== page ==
A catering menu is also available if you're looking to dazzle the visitors at your next shindig.
Avoid parallel parking and slide into a spot free of charge — the restaurant offers free parking next door.
Great Wall Restaurant is a prime location for cyclists to park their bikes and enjoy a bite to eat.
Great Wall Restaurant is making the best of both worlds happen: creating food that is full of flavor and affordable!
Breakfast, lunch, and dinner are all available at Great Wall Restaurant.
For good eats and good times in Miller Place, dine at Benten Japanese Restaurant.
Eat out with the little ones at this restaurant, and don't waste time scurrying for a sitter.
Take advantage of the restaurant's reservation system, and book a table for your party.
Benten Japanese Restaurant offers an informal dining experience for those who are allergic to jackets and ties.
You can also grab your grub to go.
At Benten Japanese Restaurant, diners will receive complimentary parking at the lot next door.
You'll also find plenty of safe spaces to lock up your bike if you prefer to cycle to the restaurant.
Most items on the menu are reasonably priced, so expect to spend around $30 per person at Benten Japanese Restaurant.
Breakfast, lunch, and dinner are all available at Benten Japanese Restaurant — swing by for your favorite meal.
Craving finger food? Head to Napper Tandys Irish Pub and chow down on classic pub fare.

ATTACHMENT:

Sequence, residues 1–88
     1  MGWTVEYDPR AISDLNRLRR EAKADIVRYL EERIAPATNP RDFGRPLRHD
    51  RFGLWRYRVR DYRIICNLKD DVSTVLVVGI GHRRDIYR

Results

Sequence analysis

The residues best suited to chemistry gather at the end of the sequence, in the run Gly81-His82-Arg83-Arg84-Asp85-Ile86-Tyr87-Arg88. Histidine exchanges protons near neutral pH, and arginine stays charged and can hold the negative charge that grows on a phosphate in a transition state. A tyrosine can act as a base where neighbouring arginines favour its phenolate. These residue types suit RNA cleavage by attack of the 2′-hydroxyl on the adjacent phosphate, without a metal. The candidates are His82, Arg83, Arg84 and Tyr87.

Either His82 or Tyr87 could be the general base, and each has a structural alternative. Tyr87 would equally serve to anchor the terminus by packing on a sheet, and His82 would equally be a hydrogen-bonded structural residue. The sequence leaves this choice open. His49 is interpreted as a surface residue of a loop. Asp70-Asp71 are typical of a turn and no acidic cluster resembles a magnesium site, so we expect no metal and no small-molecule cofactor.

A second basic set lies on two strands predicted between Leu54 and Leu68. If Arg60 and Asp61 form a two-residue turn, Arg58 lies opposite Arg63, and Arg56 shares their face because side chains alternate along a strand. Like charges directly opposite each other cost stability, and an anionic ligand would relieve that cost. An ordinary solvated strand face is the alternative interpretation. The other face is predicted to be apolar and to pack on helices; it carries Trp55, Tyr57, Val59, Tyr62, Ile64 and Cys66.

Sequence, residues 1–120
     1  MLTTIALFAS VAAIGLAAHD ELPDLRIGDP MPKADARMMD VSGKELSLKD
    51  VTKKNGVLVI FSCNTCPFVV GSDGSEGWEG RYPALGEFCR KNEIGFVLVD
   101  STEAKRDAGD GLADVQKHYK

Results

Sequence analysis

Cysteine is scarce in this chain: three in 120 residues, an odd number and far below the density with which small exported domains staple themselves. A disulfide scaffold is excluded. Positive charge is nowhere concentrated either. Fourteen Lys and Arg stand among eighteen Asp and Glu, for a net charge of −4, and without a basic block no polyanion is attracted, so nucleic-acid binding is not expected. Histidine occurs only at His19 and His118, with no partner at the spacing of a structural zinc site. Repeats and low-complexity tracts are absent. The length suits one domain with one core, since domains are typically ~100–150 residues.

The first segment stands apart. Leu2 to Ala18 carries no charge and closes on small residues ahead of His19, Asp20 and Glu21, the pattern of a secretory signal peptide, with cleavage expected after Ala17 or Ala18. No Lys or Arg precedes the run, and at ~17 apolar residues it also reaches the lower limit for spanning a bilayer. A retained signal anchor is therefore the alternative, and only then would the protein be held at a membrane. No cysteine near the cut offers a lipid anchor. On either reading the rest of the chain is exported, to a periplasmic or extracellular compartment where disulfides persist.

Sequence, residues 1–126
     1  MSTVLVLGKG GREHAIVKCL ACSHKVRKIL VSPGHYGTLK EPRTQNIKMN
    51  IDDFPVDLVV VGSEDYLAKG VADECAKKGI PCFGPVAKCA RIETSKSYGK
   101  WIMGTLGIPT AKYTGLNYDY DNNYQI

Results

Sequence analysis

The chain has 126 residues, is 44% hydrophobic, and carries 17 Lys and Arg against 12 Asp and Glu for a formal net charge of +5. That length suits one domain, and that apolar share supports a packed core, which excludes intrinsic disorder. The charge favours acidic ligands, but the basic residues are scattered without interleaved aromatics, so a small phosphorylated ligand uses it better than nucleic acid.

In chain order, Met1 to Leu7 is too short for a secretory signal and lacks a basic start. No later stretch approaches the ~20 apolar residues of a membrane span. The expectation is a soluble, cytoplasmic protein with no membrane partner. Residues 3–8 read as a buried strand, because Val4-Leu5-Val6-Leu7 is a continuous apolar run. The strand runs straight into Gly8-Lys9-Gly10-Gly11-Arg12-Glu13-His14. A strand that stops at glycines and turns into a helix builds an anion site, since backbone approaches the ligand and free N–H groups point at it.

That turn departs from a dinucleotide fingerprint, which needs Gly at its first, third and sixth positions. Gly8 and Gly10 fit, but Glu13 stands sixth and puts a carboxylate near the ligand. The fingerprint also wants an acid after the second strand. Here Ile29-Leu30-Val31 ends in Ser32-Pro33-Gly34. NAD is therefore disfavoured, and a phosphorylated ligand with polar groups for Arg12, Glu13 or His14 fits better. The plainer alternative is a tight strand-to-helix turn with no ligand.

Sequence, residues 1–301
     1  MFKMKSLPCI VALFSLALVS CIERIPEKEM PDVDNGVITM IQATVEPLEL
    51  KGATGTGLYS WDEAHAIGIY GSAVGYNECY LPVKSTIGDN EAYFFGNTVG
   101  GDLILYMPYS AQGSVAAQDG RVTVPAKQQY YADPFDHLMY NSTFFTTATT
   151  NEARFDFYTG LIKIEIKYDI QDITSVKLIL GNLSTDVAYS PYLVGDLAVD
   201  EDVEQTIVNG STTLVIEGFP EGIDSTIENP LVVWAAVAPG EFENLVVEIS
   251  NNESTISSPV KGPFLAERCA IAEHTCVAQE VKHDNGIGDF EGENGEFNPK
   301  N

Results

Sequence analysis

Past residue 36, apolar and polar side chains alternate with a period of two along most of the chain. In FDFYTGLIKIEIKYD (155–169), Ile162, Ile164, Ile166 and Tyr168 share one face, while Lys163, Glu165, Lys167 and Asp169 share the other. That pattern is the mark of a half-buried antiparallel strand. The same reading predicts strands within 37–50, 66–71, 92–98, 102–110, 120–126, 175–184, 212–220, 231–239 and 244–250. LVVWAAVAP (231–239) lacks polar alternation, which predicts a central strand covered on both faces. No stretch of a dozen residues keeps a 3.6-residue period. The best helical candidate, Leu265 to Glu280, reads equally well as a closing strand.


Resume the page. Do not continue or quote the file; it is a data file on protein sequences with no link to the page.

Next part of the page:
Quit fat and gluten at Napper Tandys Irish Pub, where low-fat fare and G-free offerings are the norm.
Pair your entree with a glass of wine or draft beer — this restaurant has a fully-stocked bar to complement your meal.
Tap into the free wireless Internet at Napper Tandys Irish Pub.
You'll want to save quiet conversations for another spot, though — the restaurant can get noisy.
Or, take your food to go.
We'll let you park onsite to help get you closer to our scrumptious menu.
Napper Tandys Irish Pub s mid-range cuisine will please your pockets as well as your palate.
When you want to relax and grab a quick bite to eat, come munch on some pub fare at Napper Tandys Irish Pub.
Orto serves up a side of romance alongside its top-rated recipes, and couples call this Italian restaurant the perfect date-night spot.
Patio tables and chairs are ready for Orto diners who prefer their meals al fresco.
If you're in a hurry, place an order for pickup instead.
Save time and money with nearby parking options at Orto.